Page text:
While most people are familiar with nuclear energy, the image that comes to mind is usually a large grey nuclear power plant built in the 1970s. Commercial nuclear energy has been largely stagnant for decades, but new technologies are now beginning to work their way into the market. One of the most important recent developments in nuclear energy is the small modular reactor, or SMR. Here’s what you need to know about SMRs and how their implementation will impact the energy industry and our everyday lives. 

What Are SMRs? 

Small modular reactors are a type of fission reactor that are significantly smaller than the traditional nuclear reactors you probably think of at a power plant. In basic principle, SMRs operate in much the same way as traditional nuclear reactors but on a smaller scale. Like their larger cousins, SMRs use the heat generated by nuclear fission to convert water into steam, which is then used to turn turbines and generate electricity. A range of advanced technologies can be found in various SMR designs some of which, offer substantial advantages in efficiency compared to more traditional reactors. 

A key difference between SMRs and traditional reactors is the way in which they are manufactured. SMRs can be constructed in a central manufacturing facility, then shipped to the location where they will be used, whereas traditional reactors, must be built on location. Though it may seem like a relatively small difference, this aspect of SMRs is a critically important one. 

Advantages of SMRs 

One of the key benefits of SMRs is the fact that they can be manufactured at a factory and then deployed to remote locations. As a result, small modular reactors have the capacity to deliver nuclear power to more rural and sparsely populated areas that have up to now, not been suitable markets. Plants powered by SMRs can be readily scaled to provide as much or as little power as is needed in a given area.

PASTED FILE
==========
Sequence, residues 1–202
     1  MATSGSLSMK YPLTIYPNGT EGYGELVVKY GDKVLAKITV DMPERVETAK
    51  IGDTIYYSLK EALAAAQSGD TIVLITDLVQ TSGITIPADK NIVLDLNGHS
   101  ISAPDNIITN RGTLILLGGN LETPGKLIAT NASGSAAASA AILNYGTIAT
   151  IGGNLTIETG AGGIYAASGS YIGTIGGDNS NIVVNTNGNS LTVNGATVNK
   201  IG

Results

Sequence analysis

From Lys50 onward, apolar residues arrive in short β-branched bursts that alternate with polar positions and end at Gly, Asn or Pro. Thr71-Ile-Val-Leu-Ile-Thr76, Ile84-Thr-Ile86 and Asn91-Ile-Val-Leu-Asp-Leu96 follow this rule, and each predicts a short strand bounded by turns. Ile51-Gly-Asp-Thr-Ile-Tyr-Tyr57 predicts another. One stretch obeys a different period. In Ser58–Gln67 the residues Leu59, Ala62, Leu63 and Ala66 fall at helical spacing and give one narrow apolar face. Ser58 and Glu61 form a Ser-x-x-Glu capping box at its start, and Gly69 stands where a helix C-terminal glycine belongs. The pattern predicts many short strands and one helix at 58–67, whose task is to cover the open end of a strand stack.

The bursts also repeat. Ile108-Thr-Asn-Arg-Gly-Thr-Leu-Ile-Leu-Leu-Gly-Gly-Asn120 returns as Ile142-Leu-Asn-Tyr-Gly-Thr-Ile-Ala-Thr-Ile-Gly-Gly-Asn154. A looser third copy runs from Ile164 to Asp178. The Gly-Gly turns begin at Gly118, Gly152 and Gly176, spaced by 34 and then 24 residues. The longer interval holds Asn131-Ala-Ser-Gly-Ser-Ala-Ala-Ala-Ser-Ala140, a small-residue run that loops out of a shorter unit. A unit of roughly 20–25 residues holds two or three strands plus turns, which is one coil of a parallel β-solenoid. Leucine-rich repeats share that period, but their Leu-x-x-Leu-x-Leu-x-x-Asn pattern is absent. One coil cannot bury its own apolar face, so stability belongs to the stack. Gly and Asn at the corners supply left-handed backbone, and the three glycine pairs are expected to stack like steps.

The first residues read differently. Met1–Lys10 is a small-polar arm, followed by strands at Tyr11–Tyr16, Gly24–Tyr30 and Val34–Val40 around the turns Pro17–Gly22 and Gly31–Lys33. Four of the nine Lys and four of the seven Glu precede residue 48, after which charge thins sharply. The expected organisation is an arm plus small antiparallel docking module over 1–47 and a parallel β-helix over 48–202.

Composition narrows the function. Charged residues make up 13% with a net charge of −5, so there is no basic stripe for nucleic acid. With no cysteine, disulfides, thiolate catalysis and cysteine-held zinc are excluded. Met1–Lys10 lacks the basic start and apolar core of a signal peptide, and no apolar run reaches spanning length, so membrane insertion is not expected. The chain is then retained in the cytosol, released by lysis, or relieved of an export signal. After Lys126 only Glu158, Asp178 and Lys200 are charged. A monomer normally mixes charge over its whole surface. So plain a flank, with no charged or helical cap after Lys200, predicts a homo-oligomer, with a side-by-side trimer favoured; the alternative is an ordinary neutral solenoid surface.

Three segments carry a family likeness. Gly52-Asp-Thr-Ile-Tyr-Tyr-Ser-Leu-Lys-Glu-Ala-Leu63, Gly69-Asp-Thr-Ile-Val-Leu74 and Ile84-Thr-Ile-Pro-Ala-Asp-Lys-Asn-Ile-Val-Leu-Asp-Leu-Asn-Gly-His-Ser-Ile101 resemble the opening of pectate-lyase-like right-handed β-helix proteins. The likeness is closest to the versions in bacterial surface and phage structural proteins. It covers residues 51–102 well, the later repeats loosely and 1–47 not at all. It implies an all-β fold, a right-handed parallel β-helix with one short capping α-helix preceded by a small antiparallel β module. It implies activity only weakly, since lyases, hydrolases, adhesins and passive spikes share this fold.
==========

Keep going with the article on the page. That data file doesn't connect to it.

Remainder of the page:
In addition to being suitable for supplying less-populated areas with power, SMRs are significantly cheaper than their larger counterparts. Estimated costs for a 12-unit SMR array at 50 megawatts per unit come in at just $3 billion, compared with $20 billion for a more traditional reactor with the same total output capacity. The cost advantage of SMRs comes from the fact that economies of scale can be leveraged in their production. 

Finally, power plants using SMRs can be built much more quickly than plants that use larger, more traditional reactors. Because they are built at a factory and then delivered, SMRs don’t require the long lead and setup times required for normal reactors. As a result, a facility powered by one or more SMRs can be built very quickly, allowing for rapid deployment of new plants wherever they are needed. 

Commercial SMR Projects 

By far the most prominent company attempting to bring SMRs to the commercial market is an Oregon-based firm called NuScale. NuScale has not only created an SMR design, but also sought and received the first phase of approval for it from the US Nuclear Regulatory Commission. Though there are several other companies working on competitive designs, NuScale will likely be the first to introduce a commercial SMR. 

How Consumers Will Benefit From SMRs 

There are several different ways in which consumers can benefit from SMRs as they are implemented in the power grid. Most important is the fact that consumers in areas that have so far not had nuclear energy may be able to access it. SMRs will also bring down the cost of creating new power plants, potentially allowing power companies to charge less for the electricity they generate. SMRs may also be implemented in conjunction with existing power sources in order to make grids more reliable or add to their overall output capacity. As a result, consumers in areas affected by frequent overloads or outages may see the benefits of more regular and convenient electrical delivery. Additionally, nuclear energy as a whole, is a clean burning energy source – currently accounting for 20% of the United States’ electricity generation.